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Company linked to an oily spill in the Flint River files for bankruptcy protection

Public Domain

Despite the company filing for bankruptcy protection, state environmental regulators expect cooperation will continue to address environmental concerns at a Flint chemical manufacturing facility.

This week in federal bankruptcy court in Pennsylvania, officials with Lockhart Chemical filed for Chapter Seven bankruptcy protection. The move allows for the company’s assets to be liquidated, while holding creditors at bay.

The bankruptcy court has appointed a trustee to oversee Lockhart, including its facility in Flint, which was the source of a leak in the Flint River over the summer.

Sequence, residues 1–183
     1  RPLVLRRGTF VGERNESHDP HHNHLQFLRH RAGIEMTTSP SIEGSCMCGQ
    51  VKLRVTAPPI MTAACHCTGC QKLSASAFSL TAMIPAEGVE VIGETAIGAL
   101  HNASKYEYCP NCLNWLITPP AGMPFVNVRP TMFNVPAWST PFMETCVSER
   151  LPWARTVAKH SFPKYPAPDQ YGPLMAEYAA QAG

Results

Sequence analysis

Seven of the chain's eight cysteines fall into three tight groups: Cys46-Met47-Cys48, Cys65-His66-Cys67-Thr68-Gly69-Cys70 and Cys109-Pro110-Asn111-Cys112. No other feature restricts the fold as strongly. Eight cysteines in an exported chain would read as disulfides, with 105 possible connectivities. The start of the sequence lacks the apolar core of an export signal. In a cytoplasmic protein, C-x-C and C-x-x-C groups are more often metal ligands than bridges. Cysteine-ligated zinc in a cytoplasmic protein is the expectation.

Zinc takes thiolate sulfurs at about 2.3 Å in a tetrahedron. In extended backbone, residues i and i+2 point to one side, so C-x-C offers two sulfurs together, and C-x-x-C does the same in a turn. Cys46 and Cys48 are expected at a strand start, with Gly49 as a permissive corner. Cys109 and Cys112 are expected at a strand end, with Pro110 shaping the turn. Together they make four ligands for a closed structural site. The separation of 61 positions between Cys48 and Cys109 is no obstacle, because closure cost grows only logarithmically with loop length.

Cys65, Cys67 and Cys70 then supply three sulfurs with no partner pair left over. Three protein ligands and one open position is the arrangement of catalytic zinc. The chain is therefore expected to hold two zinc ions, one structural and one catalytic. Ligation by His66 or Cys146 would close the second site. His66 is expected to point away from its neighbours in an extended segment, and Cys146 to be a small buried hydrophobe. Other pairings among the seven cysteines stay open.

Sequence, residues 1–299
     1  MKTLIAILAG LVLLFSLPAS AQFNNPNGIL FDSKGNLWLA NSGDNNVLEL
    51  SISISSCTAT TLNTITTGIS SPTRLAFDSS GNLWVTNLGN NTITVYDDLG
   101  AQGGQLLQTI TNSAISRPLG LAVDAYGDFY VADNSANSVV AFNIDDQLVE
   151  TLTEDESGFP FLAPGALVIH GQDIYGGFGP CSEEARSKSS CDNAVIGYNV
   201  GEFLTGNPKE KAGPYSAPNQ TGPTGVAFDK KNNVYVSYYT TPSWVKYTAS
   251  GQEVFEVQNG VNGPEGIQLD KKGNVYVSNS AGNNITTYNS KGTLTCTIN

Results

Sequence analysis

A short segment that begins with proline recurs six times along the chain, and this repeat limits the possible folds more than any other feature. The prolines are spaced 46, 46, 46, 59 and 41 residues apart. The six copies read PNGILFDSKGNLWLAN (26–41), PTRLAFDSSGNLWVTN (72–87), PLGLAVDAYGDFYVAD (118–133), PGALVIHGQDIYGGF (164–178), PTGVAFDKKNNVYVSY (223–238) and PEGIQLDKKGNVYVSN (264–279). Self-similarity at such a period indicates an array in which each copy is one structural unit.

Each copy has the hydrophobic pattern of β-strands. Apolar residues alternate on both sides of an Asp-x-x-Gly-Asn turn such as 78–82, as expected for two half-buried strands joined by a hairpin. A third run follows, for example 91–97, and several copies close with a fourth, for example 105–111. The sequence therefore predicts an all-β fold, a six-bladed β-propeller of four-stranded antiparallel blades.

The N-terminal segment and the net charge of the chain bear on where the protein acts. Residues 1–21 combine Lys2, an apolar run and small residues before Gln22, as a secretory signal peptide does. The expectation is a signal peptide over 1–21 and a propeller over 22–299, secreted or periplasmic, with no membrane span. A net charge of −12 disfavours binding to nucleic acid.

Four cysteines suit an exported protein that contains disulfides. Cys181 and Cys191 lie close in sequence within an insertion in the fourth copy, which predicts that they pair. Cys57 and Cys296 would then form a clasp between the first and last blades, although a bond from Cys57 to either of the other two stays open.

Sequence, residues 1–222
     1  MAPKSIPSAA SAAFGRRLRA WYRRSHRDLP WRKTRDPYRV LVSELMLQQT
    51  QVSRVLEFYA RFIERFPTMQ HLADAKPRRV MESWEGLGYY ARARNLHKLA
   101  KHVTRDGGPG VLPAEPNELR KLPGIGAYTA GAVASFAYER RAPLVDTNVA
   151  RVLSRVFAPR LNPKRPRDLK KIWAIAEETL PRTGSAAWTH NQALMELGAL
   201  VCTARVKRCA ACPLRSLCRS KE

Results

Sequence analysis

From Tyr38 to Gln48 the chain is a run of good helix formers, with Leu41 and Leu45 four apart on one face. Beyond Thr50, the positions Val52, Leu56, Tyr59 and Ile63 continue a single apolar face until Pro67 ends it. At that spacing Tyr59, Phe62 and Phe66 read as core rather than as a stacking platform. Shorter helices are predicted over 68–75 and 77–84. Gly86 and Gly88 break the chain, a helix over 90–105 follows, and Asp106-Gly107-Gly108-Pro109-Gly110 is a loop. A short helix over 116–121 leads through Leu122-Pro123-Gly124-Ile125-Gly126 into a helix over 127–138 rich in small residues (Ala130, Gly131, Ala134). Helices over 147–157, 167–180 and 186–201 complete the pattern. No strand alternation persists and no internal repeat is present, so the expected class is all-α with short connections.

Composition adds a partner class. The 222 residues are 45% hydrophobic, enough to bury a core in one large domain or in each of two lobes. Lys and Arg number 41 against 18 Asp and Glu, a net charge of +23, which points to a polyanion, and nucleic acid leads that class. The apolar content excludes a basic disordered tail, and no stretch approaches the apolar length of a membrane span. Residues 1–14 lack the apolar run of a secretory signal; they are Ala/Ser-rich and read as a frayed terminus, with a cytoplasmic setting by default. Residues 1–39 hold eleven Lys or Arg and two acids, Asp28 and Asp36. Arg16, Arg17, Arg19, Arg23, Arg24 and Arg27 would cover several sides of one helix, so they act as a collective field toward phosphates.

It took crews weeks to collect thousands of gallons of the oily substance. The substance was traced to a stormwater sewer which runs beneath the Lockhart facility in Flint. Last month, state regulators barred Lockhart from using leaky sewage pipes to discharge wastewater from the facility.

Prior to the leak being discovered, Lockhart had a history of citations for violating state regulations.

Jill Greenberg is a spokeswoman for the Department of Environment, Great Lakes and Energy (EGLE).

“The bankruptcy code doesn’t nullify environmental law, and the state is focused on getting as much of the company’s assets as possible to address the conditions at the site,” Greenberg said in a written statement.

She said the trustee has indicated an intent to work with the State to resolve its environmental concerns related to the site.

Greenberg said the agency will also pursue all available avenues to maintain compliance with Michigan’s environmental laws.